Want to get angry about politics and politicians? Few things set people off as much as popular ideas and programs getting squelched by politicians listening to powerful, monied special interests.
Which is happening at present to a very popular school choice program: Illinois’ Invest in Kids.
Voters love it. A recent poll by Democrats’ favorite pollster showed it was a landslide winner: 56% of voters supported it to 25% opposed. Support was even greater among Black voters: 66%. Latino voters were at 74% in favor.
“The Invest in Kids Scholarship Tax Credit Program has majority support among Illinois voters, and is especially supported by parents, voters of color, voters with incomes under $40,000 per year and in all parts of the state,” Impact Research analysts wrote. “And support remains high even after voters hear arguments about the program from critics and proponents alike.”
A June poll from the Illinois Policy Institute conducted by Echelon Insights found similar results, with voters surveyed supported the program 3 to 1.
Another poll found 71% of Black voters and 81% of Hispanic voters backed it.
Popular among Illinois voters, but here comes that special interest: teachers unions. They claim it takes from public education. In reality, it takes from their power base.
If they were really so against private schools, then Chicago Teachers Union President Stacy Davis Gates would not have taken her son out a school staffed by her members and put him in parochial school where she stated he “could live out his dream of being a soccer player while also having a curriculum that can meet his social and emotional needs….” The Illinois Education Association’s chief lobbyist, Sean Denney, would not have picked a parochial school in Springfield for his children. Nearly 40% of Chicago Public Schools teachers would not have enrolled their kids in private schools as of 2013.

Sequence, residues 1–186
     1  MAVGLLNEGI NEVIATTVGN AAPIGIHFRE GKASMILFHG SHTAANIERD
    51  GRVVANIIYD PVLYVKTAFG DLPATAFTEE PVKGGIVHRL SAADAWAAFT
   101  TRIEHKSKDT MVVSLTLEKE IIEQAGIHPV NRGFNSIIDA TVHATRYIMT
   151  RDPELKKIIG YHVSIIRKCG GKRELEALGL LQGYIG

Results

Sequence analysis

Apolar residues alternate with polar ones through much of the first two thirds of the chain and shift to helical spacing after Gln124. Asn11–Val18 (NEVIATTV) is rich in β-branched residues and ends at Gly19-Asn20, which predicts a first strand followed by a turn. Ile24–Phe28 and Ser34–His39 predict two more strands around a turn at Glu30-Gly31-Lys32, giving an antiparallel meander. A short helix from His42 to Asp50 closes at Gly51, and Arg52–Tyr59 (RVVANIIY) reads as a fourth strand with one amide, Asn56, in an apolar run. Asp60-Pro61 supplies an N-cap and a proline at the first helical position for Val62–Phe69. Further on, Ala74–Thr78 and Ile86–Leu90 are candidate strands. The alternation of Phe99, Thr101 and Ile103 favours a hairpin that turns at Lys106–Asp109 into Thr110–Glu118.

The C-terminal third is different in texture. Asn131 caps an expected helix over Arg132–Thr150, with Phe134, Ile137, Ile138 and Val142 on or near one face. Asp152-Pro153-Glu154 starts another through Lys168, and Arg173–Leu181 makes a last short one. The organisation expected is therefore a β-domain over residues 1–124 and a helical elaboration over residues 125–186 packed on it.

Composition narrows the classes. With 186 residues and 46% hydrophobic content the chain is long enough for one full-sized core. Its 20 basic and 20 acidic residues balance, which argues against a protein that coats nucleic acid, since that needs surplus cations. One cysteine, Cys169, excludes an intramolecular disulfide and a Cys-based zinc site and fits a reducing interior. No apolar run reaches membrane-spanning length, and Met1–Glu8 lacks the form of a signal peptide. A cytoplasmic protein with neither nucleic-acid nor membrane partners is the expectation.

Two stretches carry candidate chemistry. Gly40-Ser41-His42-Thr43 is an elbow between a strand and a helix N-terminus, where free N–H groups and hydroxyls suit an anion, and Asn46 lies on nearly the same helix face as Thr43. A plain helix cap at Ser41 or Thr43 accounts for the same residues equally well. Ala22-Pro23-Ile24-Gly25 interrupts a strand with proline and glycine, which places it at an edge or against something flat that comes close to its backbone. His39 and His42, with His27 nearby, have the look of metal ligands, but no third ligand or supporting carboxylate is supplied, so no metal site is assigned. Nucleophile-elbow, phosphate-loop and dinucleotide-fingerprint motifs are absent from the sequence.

But they do want that choice denied to 9,656 low-income students who received Invest in Kids scholarships, including 11 who attend the same private school as Davis Gates’ son.
And their argument is just wrong that public education funding suffers by letting disadvantaged families pick a private school when their children are bullied, in crowded classes, needing a different structure or failing to find the academics and extracurriculars they want in public school.
First, scholarships are funded by donors who get a tax credit. Illinois gives up about $5,900 in revenue per scholarship, which is a win because it costs nearly $18,000 to give that child a public education.
That means government saves nearly $12,100 per student who receives an Invest in Kids scholarship, freeing up those resources to be used elsewhere – including in public schools.
Also, the state funds public education separately. State leaders have added nearly $2 billion to public education funding just since Invest in Kids started.
Baileigh Lavery and her twin sister were severely bullied at their public school in the suburbs. Their father died, so switching to a private school was a financial hardship. The Invest in Kids scholarship changed her life.
“I don’t want lawmakers to look at this easily. I want them to put some hard time into thinking about how this will affect other peoples’ lives. Especially the kids that are struggling with money,” said Baileigh, who is a freshman at Yorkville Christian High School in Plainfield. “Words cannot even begin to express how much these scholarships can truly mean to someone. I want lawmakers to give other kids opportunities to feel the change I felt.”
But this is a fight about special-interest power, and not logic or doing the right thing. Teachers unions have invested nearly $20 million in current state lawmakers – 4 out of 5 of them – so lawmakers are hearing their claims. Union bosses don’t like the competition or the option school choice represents when parents are fed up with unions holding their children’s educations hostage during strikes or extended pandemics.
State lawmakers return to Springfield on Tuesday for veto session. It is a final chance to save Invest in Kids before it expires at the end of 2023.
It’s a chance to listen to Baileigh, or to teachers union money.
Brad Weisenstein is managing editor of the Illinois Policy Institute